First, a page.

• If someone asks, “Why should they choose you?” we are more likely to provide a solution than anyone else.
  • We make it easy for people to begin using our service.

 

There is a strategy behind every successful video. There is a limit to how much information the human brain can process at one time. Showing up one day with a camera and microphone probably will not result in an outstanding video. Having a clear message is essential.

 

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Why Is The Video Being Produced?

 

The most common request we receive is for companies to create a video on their website. Producing a video for your website is essential as it can convey the most information in the shortest amount of time. However, investing in a video goes beyond checking a box. As a result of this approach to video production, not only is the message confusing, but it is also difficult to measure the effectiveness of the video. 

 

Write down a well-thought-out vision for your video that answers the question, “What are we trying to accomplish by creating this video?”?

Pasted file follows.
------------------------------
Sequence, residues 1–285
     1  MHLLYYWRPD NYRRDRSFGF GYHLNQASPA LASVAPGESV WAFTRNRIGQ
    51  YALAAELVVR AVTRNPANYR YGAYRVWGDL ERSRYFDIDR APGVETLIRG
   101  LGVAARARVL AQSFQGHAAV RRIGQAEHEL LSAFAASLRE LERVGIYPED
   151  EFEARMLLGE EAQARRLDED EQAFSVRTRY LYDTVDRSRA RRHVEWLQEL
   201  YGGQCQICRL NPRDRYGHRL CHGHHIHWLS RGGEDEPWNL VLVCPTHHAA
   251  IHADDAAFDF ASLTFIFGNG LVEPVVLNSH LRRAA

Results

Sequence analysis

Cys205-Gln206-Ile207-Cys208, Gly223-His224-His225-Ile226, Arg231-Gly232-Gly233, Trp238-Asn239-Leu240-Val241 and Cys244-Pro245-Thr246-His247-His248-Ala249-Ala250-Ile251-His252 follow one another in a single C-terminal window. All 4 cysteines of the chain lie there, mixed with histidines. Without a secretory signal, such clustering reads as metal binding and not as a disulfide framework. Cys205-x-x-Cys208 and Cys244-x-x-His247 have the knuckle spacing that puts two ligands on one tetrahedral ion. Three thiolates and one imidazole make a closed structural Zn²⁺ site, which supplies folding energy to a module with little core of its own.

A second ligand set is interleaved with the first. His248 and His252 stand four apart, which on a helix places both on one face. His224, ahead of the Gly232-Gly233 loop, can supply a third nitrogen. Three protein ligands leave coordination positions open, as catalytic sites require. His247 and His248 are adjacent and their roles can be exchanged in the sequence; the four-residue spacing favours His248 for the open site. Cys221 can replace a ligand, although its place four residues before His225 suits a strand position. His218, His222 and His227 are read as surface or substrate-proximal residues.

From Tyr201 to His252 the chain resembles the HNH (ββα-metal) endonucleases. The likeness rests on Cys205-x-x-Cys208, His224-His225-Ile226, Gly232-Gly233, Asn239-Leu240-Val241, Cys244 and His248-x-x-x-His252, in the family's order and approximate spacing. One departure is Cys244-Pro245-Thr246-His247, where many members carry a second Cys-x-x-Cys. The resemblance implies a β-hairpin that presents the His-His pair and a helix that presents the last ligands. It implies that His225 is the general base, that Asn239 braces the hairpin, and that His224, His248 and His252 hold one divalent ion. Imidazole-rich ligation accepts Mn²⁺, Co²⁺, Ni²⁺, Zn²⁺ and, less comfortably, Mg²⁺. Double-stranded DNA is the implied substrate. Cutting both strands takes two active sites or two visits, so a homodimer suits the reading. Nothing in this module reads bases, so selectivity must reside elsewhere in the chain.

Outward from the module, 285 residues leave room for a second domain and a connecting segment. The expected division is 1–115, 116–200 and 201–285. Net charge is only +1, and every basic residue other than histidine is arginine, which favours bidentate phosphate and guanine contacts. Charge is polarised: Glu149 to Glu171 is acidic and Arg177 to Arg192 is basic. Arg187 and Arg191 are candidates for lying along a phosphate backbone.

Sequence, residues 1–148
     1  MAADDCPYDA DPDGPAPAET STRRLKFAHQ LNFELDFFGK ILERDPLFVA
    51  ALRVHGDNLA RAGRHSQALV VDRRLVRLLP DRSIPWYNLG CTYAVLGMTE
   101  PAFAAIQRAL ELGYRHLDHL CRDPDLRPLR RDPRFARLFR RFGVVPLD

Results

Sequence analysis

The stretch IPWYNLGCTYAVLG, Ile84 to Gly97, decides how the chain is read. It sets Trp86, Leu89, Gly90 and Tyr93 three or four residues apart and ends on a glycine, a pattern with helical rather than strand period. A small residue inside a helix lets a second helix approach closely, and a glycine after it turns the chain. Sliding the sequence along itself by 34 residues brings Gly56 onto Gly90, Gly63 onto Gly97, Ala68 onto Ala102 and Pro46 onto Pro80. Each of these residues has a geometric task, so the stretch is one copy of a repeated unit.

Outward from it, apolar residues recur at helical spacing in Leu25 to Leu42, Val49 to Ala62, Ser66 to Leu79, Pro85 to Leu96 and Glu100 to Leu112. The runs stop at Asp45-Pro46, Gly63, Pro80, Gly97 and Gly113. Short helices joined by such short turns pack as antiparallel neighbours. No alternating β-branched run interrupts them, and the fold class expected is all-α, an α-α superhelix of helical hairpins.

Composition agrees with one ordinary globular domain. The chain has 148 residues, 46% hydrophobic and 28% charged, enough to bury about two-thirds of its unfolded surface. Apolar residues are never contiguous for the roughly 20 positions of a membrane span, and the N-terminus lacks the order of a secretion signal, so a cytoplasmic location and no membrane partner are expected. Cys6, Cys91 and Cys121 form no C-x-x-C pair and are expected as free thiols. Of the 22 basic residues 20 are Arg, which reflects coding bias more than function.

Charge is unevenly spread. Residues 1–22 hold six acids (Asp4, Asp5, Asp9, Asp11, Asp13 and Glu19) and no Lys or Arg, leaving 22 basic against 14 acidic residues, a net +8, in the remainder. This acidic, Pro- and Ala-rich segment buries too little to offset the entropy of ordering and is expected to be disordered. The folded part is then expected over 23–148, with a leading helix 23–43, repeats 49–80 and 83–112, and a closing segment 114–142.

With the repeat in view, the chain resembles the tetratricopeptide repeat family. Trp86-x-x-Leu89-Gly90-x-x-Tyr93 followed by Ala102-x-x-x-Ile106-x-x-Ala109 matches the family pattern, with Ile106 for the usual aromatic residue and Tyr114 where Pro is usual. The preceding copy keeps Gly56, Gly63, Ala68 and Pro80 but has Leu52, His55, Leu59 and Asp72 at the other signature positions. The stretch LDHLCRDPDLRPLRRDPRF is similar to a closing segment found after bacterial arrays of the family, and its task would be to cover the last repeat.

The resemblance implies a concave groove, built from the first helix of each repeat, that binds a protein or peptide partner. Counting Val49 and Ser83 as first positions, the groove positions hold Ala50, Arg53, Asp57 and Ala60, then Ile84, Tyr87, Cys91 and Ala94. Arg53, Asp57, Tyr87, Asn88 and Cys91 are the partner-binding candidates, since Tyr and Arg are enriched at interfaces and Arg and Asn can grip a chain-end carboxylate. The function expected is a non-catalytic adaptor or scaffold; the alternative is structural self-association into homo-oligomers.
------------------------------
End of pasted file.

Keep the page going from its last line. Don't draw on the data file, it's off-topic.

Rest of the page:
Instead of “We would like a video to be posted on social media,” try “We would like to create a video that conveys the values of our organization and lends credibility to our work.”

 

Understanding the “why” behind your video will help you create more valuable, authentic, and versatile videos.

 

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Do You Know Who Your Target Audience Is?

 

There’s a lot of talk about the audience because it’s essential! It’s easy for organizations to get caught up in what they want to be and what they stand for. So communication of those things is necessary, but it has to resonate with the audience they’re trying to reach.